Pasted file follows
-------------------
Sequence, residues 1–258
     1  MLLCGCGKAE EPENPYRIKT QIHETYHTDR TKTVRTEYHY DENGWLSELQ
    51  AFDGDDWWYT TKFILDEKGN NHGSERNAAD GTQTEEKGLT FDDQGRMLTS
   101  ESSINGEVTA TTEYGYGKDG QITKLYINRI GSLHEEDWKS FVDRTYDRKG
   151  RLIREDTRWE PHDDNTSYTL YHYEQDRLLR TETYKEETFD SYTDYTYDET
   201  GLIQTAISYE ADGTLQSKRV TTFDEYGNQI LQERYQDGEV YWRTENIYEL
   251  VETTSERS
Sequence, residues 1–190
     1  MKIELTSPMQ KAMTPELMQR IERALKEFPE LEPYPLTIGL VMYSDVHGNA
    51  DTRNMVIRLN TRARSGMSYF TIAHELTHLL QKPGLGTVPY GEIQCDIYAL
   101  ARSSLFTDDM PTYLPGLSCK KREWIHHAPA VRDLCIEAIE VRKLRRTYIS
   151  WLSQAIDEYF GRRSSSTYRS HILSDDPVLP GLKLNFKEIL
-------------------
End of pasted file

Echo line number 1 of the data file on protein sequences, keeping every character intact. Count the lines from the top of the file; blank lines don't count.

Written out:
Sequence, residues 1–258